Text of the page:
Despite the Nuclear Regulation Authority’s recent technical go-ahead for a reprocessing plant under construction in Rokkasho, Aomori Prefecture, the nuclear fuel cycle policy that the government has pursued for decades remains effectively stalemated. The ¥14 trillion project, if completed and run at full capacity, would produce more plutonium than can be consumed at the nation’s nuclear power plants under current conditions.
The Japan Nuclear Fuel Ltd.’s plant to reprocess spent fuels from power reactors from across the country and extract plutonium for plutonium-uranium mixed-oxide (MOX) fuel is a key component of the nuclear fuel cycle that the government has sought to achieve since the 1950s. The problem is that the fast-breeder reactor project that would use the MOX fuel — once deemed a dream technology for this resource-poor country that produces more plutonium than it consumes — has gone nowhere. The alternative use of MOX fuel at existing light-water reactors continues to be sluggish due to the slow restart of nuclear power plants idled in the wake of the 2011 Fukushima nuclear disaster.
The Rokkasho plant’s passing of the NRA’s safety screening does not represent a vindication of the stalled nuclear fuel cycle policy. Rather, it should serve as yet another reminder of the de facto breakdown of the policy and prompt the government and the power industry to rethink whether the costly policy remains relevant at a time when the nation is trying to reduce its dependence on nuclear energy following the 2011 Fukushima nuclear disaster.
The reprocessing plant project itself has lagged significantly behind schedule. Since construction began in 1993, the completion of the plant has now been delayed by more than two decades due to a series of technical glitches and the impact of the 2011 Great East Japan Earthquake. The construction cost alone has ballooned from the initial estimate of ¥760 billion to some ¥3 trillion. The entire expense of the massive project will be added to consumers’ electricity charges. The NRA’s screening only certifies that the plant meets the new safety regulations introduced after the Fukushima nuclear accident. While the operator aims to complete the plant as early as next year, when it will be put into operations remains unclear.
An even bigger problem is whether there is demand for the Rokkasho plant’s operation. Monju, the prototype fast-breeder reactor in Fukui Prefecture that was to consume the plutonium fuel reprocessed at Rokkasho, was taken out of service in 2016 after being offline for much of its life due to a series of accidents, technical glitches and operater problems, achieving little for the ¥1 trillion in taxpayer money spent on the project. The government sought to continue research on next-generation fast reactors in a joint project with France, but that bid has been in limbo since Paris scaled back the project in light of an abundance of uranium resources.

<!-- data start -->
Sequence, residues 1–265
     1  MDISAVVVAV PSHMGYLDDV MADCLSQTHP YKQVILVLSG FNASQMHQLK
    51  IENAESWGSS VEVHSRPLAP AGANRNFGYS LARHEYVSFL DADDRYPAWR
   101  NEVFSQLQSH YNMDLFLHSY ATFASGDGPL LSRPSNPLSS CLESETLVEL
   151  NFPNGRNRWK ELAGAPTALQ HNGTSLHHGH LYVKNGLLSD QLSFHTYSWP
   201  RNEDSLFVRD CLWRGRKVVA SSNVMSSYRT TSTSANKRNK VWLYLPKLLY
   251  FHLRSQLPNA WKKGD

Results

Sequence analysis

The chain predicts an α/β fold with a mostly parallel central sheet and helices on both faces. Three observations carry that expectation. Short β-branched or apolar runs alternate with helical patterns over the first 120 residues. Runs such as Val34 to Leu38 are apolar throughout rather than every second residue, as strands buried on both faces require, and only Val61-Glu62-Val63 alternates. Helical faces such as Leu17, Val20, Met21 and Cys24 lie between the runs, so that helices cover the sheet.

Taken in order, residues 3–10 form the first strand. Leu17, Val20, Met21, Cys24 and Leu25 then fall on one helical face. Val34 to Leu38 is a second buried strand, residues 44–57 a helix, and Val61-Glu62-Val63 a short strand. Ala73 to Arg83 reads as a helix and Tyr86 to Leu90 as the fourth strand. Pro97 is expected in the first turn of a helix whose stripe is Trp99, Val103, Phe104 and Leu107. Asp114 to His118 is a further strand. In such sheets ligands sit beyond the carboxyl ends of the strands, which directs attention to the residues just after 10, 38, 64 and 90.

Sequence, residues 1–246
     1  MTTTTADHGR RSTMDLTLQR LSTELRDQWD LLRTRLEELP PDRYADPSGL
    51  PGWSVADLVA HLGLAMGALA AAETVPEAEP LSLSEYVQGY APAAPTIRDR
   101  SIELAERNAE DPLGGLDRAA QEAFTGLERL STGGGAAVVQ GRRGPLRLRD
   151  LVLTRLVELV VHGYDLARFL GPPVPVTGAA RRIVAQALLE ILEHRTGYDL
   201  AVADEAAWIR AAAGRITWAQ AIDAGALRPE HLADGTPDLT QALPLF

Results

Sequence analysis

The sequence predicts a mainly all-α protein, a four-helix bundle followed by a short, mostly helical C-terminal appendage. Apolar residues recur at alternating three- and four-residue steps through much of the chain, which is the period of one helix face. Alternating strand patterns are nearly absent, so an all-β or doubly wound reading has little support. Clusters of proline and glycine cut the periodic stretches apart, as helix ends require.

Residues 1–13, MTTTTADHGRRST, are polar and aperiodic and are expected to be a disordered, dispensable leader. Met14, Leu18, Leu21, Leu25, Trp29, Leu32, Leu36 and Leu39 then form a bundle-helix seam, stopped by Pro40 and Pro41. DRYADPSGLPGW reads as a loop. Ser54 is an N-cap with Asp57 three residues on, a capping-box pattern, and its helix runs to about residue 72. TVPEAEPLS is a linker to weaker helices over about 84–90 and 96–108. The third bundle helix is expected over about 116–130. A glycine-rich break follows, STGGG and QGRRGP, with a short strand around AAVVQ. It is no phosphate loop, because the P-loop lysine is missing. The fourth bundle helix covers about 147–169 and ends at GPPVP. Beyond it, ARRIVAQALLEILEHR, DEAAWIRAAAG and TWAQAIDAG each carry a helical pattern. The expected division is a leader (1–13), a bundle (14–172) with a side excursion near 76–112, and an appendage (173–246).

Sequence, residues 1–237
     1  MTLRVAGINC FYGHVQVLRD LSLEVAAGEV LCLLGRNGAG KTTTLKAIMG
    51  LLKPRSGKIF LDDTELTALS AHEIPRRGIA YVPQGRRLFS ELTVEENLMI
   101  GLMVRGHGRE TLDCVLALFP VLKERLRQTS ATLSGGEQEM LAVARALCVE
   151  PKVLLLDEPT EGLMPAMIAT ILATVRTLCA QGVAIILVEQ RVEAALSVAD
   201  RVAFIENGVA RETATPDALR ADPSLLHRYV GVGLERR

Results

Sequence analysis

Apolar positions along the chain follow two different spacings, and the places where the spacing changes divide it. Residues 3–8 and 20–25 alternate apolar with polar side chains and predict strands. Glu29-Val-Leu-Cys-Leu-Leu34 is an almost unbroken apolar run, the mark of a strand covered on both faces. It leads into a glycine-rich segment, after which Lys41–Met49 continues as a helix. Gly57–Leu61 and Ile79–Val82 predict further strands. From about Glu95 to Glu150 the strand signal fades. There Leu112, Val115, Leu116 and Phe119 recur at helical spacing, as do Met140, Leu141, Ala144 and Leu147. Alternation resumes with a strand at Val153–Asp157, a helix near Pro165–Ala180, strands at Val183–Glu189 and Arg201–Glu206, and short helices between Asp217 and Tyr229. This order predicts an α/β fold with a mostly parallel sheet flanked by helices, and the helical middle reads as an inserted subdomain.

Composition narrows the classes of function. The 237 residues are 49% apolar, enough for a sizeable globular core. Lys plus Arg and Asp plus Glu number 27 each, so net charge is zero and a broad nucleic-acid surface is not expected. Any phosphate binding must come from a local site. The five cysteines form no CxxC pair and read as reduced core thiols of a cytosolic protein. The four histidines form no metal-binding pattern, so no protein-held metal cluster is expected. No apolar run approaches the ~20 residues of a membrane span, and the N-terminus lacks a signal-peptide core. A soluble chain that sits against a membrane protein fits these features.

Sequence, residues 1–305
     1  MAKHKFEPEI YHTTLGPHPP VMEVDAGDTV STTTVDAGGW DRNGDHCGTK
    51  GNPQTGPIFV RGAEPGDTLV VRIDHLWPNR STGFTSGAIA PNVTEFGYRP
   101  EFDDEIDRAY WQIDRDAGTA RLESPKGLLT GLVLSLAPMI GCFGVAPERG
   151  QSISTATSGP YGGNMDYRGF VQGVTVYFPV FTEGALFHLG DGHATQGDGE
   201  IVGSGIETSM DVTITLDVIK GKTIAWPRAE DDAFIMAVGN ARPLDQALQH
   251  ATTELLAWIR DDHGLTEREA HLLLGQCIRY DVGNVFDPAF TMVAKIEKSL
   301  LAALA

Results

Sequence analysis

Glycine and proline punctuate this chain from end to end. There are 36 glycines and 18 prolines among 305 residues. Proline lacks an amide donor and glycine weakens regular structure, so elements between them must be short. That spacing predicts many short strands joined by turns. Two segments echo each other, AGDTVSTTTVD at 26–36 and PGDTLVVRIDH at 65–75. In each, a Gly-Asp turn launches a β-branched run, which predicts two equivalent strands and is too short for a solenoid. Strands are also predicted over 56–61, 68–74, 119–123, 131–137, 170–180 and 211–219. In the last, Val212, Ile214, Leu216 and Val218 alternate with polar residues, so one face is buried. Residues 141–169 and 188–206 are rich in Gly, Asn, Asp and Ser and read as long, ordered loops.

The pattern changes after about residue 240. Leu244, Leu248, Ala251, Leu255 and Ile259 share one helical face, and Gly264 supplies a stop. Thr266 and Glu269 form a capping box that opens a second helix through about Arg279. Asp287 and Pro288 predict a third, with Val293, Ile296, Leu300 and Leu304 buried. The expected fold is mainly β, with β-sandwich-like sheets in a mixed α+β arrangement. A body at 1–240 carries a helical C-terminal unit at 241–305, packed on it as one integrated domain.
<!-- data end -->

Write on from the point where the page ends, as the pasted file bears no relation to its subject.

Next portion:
Given the breakdown of the Monju project, the government and the power industry have sought to consume the nation’s stockpile of plutonium — amounting to nearly 46 tons — by using MOX fuel at conventional nuclear reactors. However, the industry’s plan to consume up to 6.5 tons of plutonium annually at 16 to 18 reactors has not materialized because the restart of the nuclear plants idled in the wake of the 2011 Fukushima disaster has stagnated. Only four of the nine reactors put back online since 2011 use MOX fuel, and the prospect is dim that plutonium consumption will significantly pick up in the near future.
Once completed, the Rokkasho plant will have the capacity to extract up to 8 tons of plutonium from spent nuclear fuel each year. To allay international proliferation concerns, the government says the plant will reprocess only the needed amount. But that means the massively expensive plant would have to be run at a tiny portion of its capacity, raising further doubts over the economic feasibility of the project.
It’s said that the government is unable to abandon the fuel cycle policy because that could force the nuclear power generation to a standstill. The power companies have an agreement with Aomori Prefecture and Rokkasho village that if the reprocessing project is canceled roughly 3,000 tons of spent fuel sent from nuclear power plants nationwide to the Rokkasho plant would be shipped back to the power plants. But this would overwhelm their storage capacity and force the power firms to halt the operation of the nuclear plants. The storage capacity at spent fuel pools at power plants nationwide is close to capacity, and the plant operators need to secure destinations for shipping their spent fuel.
How to dispose of the spent nuclear fuel would be a big challenge that must be tackled if the nuclear fuel cycle policy is to be terminated. But that should not stop the government and the power industry from rethinking whether the costly fuel cycle program — initially aimed at efficient use of the uranium resources — remains viable at a time when nuclear power is being scaled back.
The Japan Times Editorial Board